Here's How Long The 2018 Olympics Opening Ceremony Will Last, So Grab The Popcorn

by Hollee Actman Becker
Buda Mendes/Getty Images Sport/Getty Images

I love to watch the Olympics opening ceremony. It's basically the sports equivalent of the Oscars red carpet, and I have no shame in admitting that I tune in to check out (and, let's be honest, sometimes make fun of) what all the athletes are wearing. Now finally, after months of hype, it's time for the opening ceremony of the 2018 Winter Olympics at the Olympic Stadium in Pyeongchang, South Korea. Of course, these things do have a tendency to drag on. But if you're wondering how long the Olympics opening ceremony will last, I have some good news for you — the entire show is slated to run about two hours. And that's, like, the exact same length as an episode of The Bachelor, so I am totally down.

Update: The 2018 Olympics opening ceremony ran two hours and 18 minutes on the livestream, including a few short commercial breaks. In the primetime broadcast, it should last the three hours that NBC has scheduled for it, beginning at 8 p.m. ET.

Earlier: According to NBC, the event will be hosted by Katie Couric along with sportscaster Mike Tirico, and it will follow the same basic schedule as the 2014 Winter Olympics in Sochi. So that means we'll get to see the entry by the head of state, followed by the playing of the national anthem, and then the best part — the amazing parade of participants. After that comes symbolic release of doves, the raising of the Olympic flag, and then finally, the Olympic flame and the torch relay.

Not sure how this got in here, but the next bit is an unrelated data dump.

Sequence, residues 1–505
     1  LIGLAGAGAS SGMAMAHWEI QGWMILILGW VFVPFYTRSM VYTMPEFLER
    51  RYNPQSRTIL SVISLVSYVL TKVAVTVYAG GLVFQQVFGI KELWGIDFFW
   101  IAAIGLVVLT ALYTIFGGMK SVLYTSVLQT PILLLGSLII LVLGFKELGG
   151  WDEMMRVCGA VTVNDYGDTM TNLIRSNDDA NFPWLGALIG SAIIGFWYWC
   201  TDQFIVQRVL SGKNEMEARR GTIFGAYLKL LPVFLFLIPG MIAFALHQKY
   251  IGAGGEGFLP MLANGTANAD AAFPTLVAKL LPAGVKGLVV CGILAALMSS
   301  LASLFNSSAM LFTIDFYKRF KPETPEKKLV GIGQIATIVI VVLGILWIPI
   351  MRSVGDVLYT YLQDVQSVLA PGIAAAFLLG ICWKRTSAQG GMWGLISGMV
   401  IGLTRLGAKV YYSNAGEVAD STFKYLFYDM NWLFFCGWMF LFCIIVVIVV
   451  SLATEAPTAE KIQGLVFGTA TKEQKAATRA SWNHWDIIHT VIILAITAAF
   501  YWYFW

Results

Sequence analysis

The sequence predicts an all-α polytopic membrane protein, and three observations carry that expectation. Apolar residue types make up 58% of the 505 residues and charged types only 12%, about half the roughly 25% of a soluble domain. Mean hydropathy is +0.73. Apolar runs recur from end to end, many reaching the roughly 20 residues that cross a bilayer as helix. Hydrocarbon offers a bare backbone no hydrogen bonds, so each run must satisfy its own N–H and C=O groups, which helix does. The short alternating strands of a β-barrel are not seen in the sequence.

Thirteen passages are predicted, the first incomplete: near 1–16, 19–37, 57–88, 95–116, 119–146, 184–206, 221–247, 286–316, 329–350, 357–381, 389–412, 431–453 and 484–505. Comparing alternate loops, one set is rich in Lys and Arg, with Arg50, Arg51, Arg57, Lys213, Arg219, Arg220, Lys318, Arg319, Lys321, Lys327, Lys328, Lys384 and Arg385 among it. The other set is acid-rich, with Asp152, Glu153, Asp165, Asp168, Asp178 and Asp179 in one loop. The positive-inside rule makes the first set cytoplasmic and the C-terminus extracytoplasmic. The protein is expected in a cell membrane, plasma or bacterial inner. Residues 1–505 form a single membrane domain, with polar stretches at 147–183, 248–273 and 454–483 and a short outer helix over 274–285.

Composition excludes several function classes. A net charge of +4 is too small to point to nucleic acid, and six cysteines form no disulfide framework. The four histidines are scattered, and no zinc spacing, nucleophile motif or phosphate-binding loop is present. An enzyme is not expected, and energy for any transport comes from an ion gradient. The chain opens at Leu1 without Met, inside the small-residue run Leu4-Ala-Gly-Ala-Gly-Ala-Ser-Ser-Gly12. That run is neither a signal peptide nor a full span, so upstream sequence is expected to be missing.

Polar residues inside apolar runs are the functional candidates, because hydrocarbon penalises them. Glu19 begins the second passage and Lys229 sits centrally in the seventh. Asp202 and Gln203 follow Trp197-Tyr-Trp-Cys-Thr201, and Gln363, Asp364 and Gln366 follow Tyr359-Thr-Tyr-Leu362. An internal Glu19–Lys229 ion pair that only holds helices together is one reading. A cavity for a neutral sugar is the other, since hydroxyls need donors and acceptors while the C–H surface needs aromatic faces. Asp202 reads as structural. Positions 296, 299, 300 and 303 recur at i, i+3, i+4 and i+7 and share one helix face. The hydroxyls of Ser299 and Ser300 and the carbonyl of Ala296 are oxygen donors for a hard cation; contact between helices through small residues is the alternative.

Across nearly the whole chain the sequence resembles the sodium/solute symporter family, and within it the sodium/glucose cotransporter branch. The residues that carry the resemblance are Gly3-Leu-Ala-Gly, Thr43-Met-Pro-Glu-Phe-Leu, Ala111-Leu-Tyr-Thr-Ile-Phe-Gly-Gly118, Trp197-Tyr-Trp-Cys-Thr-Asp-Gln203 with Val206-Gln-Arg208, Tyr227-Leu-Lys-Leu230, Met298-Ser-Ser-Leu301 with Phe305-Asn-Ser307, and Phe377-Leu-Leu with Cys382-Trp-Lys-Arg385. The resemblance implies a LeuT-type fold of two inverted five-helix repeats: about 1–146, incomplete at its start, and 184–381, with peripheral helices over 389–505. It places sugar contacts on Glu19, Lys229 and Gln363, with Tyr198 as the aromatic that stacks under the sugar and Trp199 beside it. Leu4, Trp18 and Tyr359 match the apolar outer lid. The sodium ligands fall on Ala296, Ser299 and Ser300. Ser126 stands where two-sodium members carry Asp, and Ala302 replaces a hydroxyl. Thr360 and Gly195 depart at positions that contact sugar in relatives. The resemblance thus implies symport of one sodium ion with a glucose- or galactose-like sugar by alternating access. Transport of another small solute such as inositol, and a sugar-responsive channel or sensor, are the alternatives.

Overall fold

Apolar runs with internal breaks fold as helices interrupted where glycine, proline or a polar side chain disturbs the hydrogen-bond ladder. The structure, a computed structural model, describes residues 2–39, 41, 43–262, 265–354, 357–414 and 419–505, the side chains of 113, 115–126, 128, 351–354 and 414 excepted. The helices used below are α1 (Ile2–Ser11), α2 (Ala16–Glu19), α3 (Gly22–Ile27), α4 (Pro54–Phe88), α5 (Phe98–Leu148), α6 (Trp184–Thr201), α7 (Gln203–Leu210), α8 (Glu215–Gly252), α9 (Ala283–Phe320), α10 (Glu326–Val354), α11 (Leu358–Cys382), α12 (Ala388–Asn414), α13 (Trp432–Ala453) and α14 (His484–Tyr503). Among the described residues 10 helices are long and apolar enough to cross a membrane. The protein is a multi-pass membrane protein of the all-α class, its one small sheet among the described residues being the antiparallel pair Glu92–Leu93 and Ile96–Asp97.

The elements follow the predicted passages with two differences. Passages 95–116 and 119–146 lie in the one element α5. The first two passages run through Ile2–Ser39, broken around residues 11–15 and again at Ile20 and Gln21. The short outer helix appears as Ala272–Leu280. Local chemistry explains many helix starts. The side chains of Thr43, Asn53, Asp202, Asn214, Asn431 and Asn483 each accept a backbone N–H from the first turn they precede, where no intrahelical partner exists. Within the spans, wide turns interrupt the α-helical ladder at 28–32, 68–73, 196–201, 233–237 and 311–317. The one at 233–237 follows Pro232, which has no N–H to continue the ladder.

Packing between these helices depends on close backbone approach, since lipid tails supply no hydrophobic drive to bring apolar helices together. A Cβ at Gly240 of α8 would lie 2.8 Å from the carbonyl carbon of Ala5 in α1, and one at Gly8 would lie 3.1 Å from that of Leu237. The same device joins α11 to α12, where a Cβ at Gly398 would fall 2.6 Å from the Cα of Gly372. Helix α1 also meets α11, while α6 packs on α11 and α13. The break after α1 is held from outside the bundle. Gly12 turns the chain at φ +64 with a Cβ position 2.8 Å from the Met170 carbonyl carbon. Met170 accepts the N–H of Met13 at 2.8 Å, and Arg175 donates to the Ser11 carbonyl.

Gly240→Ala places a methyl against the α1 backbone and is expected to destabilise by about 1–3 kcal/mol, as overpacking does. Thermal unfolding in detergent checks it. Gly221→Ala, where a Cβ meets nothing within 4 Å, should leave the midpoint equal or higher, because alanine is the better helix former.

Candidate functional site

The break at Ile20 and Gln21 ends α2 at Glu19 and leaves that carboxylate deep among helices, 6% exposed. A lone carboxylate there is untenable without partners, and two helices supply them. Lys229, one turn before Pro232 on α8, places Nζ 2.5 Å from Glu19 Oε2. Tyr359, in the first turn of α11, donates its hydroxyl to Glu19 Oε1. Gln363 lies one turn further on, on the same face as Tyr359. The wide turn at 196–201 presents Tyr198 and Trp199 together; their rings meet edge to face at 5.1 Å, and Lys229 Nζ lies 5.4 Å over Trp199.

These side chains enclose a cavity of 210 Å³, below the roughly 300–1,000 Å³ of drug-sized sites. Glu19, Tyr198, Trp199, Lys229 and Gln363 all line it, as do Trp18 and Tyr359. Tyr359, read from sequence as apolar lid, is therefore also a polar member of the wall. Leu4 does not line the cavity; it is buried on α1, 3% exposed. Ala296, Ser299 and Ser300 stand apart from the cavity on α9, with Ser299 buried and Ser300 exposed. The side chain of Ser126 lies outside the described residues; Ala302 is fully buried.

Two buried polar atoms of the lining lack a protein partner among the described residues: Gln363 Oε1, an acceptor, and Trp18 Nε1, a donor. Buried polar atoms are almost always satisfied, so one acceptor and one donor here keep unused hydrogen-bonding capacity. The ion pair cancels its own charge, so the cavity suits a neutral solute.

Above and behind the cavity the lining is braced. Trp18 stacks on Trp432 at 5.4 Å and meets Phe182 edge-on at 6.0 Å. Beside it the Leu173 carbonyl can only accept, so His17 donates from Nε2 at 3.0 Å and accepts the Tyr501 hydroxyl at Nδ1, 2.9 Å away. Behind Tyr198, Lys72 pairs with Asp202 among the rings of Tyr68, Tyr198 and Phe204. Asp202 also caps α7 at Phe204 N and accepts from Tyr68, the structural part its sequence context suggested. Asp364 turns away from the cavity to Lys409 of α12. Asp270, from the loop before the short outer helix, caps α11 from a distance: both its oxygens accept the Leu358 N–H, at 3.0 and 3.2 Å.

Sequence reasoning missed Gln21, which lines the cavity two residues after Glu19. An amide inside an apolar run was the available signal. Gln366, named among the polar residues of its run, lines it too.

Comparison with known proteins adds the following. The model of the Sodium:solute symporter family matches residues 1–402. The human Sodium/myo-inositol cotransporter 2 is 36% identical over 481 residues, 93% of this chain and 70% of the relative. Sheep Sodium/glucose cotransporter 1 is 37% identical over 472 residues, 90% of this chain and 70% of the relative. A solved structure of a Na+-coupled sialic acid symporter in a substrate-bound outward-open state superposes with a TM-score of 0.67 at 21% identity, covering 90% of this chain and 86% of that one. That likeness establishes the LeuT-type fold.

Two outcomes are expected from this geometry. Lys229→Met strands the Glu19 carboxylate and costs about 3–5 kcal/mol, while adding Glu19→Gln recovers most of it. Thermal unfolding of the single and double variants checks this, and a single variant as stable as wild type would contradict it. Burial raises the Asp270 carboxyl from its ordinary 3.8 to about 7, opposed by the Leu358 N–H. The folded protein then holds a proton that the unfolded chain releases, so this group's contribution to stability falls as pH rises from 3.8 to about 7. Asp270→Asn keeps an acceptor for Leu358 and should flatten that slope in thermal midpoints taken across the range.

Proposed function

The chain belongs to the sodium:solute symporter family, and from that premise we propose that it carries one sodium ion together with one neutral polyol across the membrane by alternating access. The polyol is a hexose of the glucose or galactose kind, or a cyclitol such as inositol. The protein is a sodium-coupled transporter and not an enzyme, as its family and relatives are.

Ralph Lauren designed the uniforms for Team USA again this year for the sixth time, and let me just say the result is so Ralph Lauren. By which I mean the clothes — which include parkas, moto jeans, and bomber jackets — feature a patriotic red, white and blue color palette that's cooly offset by accessories like fringed brown cowboy gloves and matching suede boots with red laces.

Yeah, I'm gonna need a pair of those gloves ASAP.

Those parkas are super cute too, though, and they also look mad warm — a good thing, considering this year’s opening ceremony on Feb. 9 may turn out to be the coldest one since Lillehammer back in 1994. Apparently, the $58 million PyeongChang Olympic Stadium where both the opening and closing ceremonies will be held was built without a roof as part of time-saving measures and does not have central heating because it’s too expensive.

Wait, what?

This news is definitely a major bummer, considering the temperatures in PyeongChang could hover around 7 degrees Fahrenheit with the wind chill. And since PyeongChang is nearly a half mile above sea level, you can also expect biting winds. According to USA Today, thing got so bad there last month that at least six people were treated for hypothermia after a concert. Please tell me this doesn't mean we won't get to see any fun K-Pop performances — although, TBH I definitely wouldn't blame anyone for bailing. Check out the current PyeongChang situation:

Just a little chilly!

Anyway, if you want to watch the Olympics opening ceremony from the comfort (and warmth) of your own home, you can do it by turning into NBC on Friday, Feb. 9. Of course, you'll have to get up super early if you want to watch it live, since the event starts at 6 a.m ET. If you'd rather sleep in, though, you're in luck — NBC will re-air the ceremony later that night at 8:00 p.m.

Live feeds will also stream on and on the free NBC Sports app. Oh and BTW, in case you're a little confused like I was, the 2018 Winter Olympic Games will actually start the day before the opening ceremonies, with both curling and ski jumping events on Feb. 8. That's only three days away, you guys!

Team USA all the way!